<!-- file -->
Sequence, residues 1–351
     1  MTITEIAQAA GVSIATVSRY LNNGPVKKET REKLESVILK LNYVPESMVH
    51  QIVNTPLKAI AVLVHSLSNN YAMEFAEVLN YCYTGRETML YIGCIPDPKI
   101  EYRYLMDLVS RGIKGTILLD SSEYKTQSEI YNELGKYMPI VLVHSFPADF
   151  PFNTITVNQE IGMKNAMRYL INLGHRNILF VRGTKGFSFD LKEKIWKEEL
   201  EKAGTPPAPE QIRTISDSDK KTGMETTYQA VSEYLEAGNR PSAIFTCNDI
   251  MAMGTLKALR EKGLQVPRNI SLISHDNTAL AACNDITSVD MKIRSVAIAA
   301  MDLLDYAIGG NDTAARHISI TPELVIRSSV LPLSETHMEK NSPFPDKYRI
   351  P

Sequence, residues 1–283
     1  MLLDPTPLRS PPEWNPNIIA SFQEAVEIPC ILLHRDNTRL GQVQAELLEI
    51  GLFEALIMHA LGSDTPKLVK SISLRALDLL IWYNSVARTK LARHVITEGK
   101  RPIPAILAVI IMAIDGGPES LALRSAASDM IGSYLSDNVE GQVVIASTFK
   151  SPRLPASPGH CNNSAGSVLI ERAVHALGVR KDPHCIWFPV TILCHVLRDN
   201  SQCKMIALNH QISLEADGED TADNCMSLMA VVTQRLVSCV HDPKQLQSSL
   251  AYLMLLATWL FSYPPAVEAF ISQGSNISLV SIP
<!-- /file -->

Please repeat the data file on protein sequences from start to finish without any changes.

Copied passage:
Sequence, residues 1–351
     1  MTITEIAQAA GVSIATVSRY LNNGPVKKET REKLESVILK LNYVPESMVH
    51  QIVNTPLKAI AVLVHSLSNN YAMEFAEVLN YCYTGRETML YIGCIPDPKI
   101  EYRYLMDLVS RGIKGTILLD SSEYKTQSEI YNELGKYMPI VLVHSFPADF
   151  PFNTITVNQE IGMKNAMRYL INLGHRNILF VRGTKGFSFD LKEKIWKEEL
   201  EKAGTPPAPE QIRTISDSDK KTGMETTYQA VSEYLEAGNR PSAIFTCNDI
   251  MAMGTLKALR EKGLQVPRNI SLISHDNTAL AACNDITSVD MKIRSVAIAA
   301  MDLLDYAIGG NDTAARHISI TPELVIRSSV LPLSETHMEK NSPFPDKYRI
   351  P

Sequence, residues 1–283
     1  MLLDPTPLRS PPEWNPNIIA SFQEAVEIPC ILLHRDNTRL GQVQAELLEI
    51  GLFEALIMHA LGSDTPKLVK SISLRALDLL IWYNSVARTK LARHVITEGK
   101  RPIPAILAVI IMAIDGGPES LALRSAASDM IGSYLSDNVE GQVVIASTFK
   151  SPRLPASPGH CNNSAGSVLI ERAVHALGVR KDPHCIWFPV TILCHVLRDN
   201  SQCKMIALNH QISLEADGED TADNCMSLMA VVTQRLVSCV HDPKQLQSSL
   251  AYLMLLATWL FSYPPAVEAF ISQGSNISLV SIP